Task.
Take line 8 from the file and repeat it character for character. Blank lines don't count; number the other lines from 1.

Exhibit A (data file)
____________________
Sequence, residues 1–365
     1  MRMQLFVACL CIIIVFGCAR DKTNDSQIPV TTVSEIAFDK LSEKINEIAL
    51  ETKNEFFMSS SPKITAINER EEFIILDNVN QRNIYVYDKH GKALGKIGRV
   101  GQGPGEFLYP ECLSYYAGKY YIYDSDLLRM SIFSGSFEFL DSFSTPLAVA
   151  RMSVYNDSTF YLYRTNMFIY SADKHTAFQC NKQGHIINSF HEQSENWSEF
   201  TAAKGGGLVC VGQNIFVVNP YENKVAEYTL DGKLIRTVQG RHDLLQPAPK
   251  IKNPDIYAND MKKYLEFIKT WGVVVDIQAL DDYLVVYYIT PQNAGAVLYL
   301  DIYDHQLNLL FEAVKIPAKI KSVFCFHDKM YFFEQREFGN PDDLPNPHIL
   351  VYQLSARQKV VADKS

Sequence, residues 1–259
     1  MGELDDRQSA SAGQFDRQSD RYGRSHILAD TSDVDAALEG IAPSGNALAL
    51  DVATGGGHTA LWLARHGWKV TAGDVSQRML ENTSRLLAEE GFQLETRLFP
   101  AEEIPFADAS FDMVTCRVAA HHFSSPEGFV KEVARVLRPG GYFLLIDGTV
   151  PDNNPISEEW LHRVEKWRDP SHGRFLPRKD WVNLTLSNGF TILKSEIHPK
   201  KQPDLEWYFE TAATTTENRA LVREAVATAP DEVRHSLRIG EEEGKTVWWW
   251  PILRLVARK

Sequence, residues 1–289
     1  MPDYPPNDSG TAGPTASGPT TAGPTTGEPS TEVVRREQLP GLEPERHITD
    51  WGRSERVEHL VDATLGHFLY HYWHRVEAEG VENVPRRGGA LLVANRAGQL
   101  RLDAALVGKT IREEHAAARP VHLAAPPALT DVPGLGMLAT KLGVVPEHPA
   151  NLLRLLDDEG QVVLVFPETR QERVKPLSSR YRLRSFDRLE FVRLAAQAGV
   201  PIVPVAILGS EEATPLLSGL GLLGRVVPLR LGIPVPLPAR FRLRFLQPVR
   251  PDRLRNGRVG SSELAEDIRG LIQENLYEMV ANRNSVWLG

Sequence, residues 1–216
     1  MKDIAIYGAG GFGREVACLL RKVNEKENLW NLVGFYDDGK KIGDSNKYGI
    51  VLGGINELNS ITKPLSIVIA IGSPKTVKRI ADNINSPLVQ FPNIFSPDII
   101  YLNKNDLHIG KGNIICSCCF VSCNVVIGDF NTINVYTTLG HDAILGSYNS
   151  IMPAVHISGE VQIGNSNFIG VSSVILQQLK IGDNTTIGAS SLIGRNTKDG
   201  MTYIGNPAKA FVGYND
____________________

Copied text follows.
   301  DIYDHQLNLL FEAVKIPAKI KSVFCFHDKM YFFEQREFGN PDDLPNPHIL